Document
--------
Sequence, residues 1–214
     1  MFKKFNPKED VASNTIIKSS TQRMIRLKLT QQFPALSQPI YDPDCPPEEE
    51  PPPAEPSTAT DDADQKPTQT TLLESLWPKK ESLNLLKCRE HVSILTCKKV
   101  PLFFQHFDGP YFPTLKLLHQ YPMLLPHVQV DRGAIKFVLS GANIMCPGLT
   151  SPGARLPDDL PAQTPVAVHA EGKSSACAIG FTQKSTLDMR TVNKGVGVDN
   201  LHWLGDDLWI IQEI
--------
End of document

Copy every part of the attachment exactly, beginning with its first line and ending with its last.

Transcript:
Sequence, residues 1–214
     1  MFKKFNPKED VASNTIIKSS TQRMIRLKLT QQFPALSQPI YDPDCPPEEE
    51  PPPAEPSTAT DDADQKPTQT TLLESLWPKK ESLNLLKCRE HVSILTCKKV
   101  PLFFQHFDGP YFPTLKLLHQ YPMLLPHVQV DRGAIKFVLS GANIMCPGLT
   151  SPGARLPDDL PAQTPVAVHA EGKSSACAIG FTQKSTLDMR TVNKGVGVDN
   201  LHWLGDDLWI IQEI